Cyclin Proteins

 Cyclin Proteins Background

A number of potentially fatal human diseases like cancer involve cell cycle defects. Cell cycle control is regulated by an evolutionarily conserved family of serine/threonine protein kinases called cyclin-dependent kinases (Cdks) and their regulatory subunits, the cyclins. Critical cell cycle events are both positively and negatively regulated by specific Cdks, whose activities oscillate throughout the cell cycle. Cdk activities are controlled by several different mechanisms, including binding of the positively activating cyclin subunits, inhibition by Cdk inhibitor proteins, phosphorylation by Cdk activating kinases (CAKs) or inhibitory kinases, and dephosphorylation by cell-cycle regulated phosphatases.

The founding members of the cyclin family, cyclins A and B, were first discovered as proteins that oscillated throughout the cell cycle, peaking in late G2 and M phase. These proteins were later shown to be required to activate Cdk1, (also known as Cdc2), which is required for entry into M phase in most eukaryotes. At the N terminus of these mitotic cyclins, there is a 9-amino acid destruction motif (RXALG[D/N/E/V]IXN) (D box), which targets the protein for ubiquitin-dependent degradation by the 26S proteasome during mitosis. Ubiquitination is mediated by an E3 ubiquitin ligase known as anaphase promoting complex (APC), which has several key targets during mitosis. For example, securin, the inhibitor of separase, needs to be degraded at the onset of anaphase to promote sister chromatid separation.

Other cyclins with sequence similarity to cyclins A and B were subsequently identified and shown to be required at other points during the cell cycle. The best characterized of these in metazoans include D-type cyclins, which partner with Cdk4 to control G1 phase events, and E-type cyclins, which partner with Cdk2 to control the transition from G1 to S phase. Many of the cellular signals that control entry into S phase function by promoting the stability or degradation of CycD or CycE. D-type cyclins are synthesized in response to growth factor stimulation and persist as long as the stimulation still exists. The protein levels do not show strong oscillation during cell cycle but only form a weak peak near G1-S. Upon serum starvation, they are rapidly degraded. The half-life of these proteins is only about 30 minutes. The levels of CycE, on the other hand, oscillate with the cell cycle, peaking in late G1. These G1 cyclins do not contain the Nterminal destruction signals found in mitotic cyclins but do contain PEST sequences (enriched for the amino acids Pro, Glu, Ser, Thr) at the C-terminus, which have been suggested to target proteins for rapid degradation. It was later shown that binding of Cdk2 protected free CycE from degradation by the ubiquitin-proteasome pathway. Phosphorylation of CycE by its cognate Cdk promotes its recognition by the protein degradation machinery. The Ser within the PEST sequence is at least one of the phosphorylation sites, which is consistent with the assumption that PEST is part of the destruction signals for G1 cyclins. This phosphorylation-mediated degradation mechanism provides a self-limiting control of protein level. The ubiquitin ligase responsible for CycE ubiquitination is SCF, which is composed of Skp1, Cul1 (Cdc53), Rbx1, and an F-box containing protein.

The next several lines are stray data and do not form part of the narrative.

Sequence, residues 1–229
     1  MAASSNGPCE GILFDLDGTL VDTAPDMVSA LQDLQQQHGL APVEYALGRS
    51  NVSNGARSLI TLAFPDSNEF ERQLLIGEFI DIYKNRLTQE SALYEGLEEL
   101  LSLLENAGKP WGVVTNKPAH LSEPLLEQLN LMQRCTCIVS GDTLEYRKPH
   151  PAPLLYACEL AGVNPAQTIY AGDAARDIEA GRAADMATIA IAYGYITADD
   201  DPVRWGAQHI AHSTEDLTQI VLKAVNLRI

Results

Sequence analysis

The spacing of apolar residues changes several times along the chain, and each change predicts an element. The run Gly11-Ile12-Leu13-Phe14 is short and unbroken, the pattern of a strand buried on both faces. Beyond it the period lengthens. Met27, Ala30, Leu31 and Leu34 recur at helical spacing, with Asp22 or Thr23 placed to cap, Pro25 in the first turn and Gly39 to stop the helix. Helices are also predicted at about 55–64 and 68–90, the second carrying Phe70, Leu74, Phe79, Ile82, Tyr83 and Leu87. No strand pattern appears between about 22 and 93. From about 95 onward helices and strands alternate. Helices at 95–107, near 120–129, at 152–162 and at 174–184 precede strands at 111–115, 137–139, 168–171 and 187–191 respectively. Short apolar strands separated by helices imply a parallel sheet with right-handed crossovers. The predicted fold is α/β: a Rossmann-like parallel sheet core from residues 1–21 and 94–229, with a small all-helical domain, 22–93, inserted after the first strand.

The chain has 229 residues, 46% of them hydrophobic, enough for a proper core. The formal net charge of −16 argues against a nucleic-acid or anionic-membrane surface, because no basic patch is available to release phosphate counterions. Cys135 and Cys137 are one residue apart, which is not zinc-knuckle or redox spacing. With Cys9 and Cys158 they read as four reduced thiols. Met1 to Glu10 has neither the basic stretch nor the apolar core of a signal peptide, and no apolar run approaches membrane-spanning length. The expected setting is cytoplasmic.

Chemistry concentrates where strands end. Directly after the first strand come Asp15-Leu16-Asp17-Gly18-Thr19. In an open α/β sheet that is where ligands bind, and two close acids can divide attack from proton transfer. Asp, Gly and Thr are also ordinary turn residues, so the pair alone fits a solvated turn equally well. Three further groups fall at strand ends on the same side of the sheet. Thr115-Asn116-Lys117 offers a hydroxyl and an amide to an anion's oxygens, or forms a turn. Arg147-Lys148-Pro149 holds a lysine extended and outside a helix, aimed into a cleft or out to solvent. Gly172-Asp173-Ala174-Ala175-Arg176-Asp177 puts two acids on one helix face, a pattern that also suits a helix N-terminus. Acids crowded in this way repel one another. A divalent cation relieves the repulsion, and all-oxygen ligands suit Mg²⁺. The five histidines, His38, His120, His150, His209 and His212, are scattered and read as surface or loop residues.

Several other members of the cyclin family do not show cell-cycle-dependent degradation or synthesis and some have been shown to play roles in cellular processes that are not directly related to cell cycle regulation. One group of cyclins, for example, regulates transcription by activating Cdks that can phosphorylate the carboxyterminal tail of the large subunit of RNA polymerase II. Several additional members of the cyclin family remain uncharacterized or poorly characterized.

In summary, a number of proteins in the cyclin family have been identified by virtue of their conserved cyclin box domain. Some of these proteins oscillate with the cell cycle like the founding members of the family, while others do not. Almost all members of the family are thought to partner with specific Cdks. Some cyclin/Cdk complexes regulate the cell cycle, while others regulate transcription or unknown processes.